What are the benefits and drawbacks of using social networking when considering a candidate?

Social networking is one of the fast­est growing segments of the Web. If you are looking to hire, it is a tool that can provide a variety of data points on a candidate from several different perspectives.

Social networks can help you locate great candidates. One of our most recent hires was someone I found through my connection on two social networks (Twitter and Facebook). My connection wrote about a person skilled in the e-mail marketing space. After reading the post, I immediately contacted them. Within 24 hours, the candidate had a first interview and was headed to Chicago for a face-to-face meeting. You have to be part of the conversation to learn about some of the best candidates as soon as they become available.

Participation in social networks tells you something about the techni­cal sophistication of the candidate. I often ask candidates about which social networks they participate in. If they are clueless about the question, it lets me know they are not well plugged into the technological landscape. If they name off 20 different networks like Ning, Plurk, Capazoo and others, they may be a bit too social unless you are hiring for a social networking job.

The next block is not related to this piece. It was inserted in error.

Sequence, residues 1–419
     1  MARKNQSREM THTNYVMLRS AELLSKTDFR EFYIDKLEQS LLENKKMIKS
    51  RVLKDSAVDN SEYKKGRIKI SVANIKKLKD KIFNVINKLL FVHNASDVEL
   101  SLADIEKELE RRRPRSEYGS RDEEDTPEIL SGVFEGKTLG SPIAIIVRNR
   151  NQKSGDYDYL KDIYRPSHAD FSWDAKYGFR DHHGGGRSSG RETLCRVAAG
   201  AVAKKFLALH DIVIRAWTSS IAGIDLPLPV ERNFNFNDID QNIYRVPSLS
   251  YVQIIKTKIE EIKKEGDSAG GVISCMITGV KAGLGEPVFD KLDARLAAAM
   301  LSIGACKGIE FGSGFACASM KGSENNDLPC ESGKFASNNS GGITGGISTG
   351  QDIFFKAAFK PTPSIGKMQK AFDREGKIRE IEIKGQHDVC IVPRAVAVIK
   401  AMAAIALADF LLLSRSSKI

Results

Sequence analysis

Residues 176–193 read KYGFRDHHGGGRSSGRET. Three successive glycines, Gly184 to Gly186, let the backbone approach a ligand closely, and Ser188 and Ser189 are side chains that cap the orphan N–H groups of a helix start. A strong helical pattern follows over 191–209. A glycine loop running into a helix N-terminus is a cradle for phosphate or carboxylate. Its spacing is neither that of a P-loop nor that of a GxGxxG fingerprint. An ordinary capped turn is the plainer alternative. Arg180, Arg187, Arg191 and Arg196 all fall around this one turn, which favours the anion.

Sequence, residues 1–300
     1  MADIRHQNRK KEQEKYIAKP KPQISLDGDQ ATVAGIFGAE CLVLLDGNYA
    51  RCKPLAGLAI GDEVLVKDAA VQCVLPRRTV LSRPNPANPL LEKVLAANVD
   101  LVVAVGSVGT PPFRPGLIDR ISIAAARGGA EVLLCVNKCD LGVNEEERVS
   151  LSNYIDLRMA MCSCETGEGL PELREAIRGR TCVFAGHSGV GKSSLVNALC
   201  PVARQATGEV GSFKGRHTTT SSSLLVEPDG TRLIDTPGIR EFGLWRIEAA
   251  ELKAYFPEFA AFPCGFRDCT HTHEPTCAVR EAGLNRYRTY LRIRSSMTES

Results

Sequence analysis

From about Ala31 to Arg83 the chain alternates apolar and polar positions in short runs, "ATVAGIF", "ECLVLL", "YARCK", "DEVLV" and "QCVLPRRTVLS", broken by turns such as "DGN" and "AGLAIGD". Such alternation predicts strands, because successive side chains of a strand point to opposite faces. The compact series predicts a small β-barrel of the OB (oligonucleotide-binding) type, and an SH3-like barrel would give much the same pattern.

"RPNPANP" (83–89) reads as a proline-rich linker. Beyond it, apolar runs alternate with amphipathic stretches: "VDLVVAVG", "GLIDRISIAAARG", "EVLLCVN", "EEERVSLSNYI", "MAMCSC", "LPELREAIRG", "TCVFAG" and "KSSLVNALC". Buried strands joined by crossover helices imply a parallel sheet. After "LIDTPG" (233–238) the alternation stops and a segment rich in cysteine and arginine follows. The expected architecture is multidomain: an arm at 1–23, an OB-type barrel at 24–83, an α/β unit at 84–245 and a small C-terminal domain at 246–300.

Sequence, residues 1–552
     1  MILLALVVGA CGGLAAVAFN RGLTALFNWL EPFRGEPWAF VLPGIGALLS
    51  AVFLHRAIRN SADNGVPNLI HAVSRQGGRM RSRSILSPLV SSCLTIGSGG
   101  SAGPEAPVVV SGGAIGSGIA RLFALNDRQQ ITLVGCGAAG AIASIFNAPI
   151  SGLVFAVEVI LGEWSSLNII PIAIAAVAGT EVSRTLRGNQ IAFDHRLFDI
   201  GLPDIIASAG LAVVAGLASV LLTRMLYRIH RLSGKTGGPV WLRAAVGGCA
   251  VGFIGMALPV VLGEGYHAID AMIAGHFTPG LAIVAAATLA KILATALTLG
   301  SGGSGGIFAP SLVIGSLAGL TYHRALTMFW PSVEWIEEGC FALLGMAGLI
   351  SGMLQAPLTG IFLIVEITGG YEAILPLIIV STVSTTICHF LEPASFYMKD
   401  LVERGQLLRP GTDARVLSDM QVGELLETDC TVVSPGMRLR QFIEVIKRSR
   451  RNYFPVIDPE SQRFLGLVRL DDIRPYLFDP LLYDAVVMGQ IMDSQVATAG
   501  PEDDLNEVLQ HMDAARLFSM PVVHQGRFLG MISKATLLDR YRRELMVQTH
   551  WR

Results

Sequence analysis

Finally, social networks can be very revealing about a candidate. They can tell you a lot about their past and groups they participate in (i.e. LinkedIn), or their interests or types of conversations they are a part of (i.e. Twitter or Facebook).

If you are a candidate, be careful of what you write. There is an old saying that goes, “Don’t do anything that you would be embarrassed to have your mother see.” The new version should be, “Don’t write anything that you wouldn’t want a potential employer to read.”

So before you point out pictures of the holiday party on your Facebook page, make sure it isn’t one of you with a lampshade on your head.

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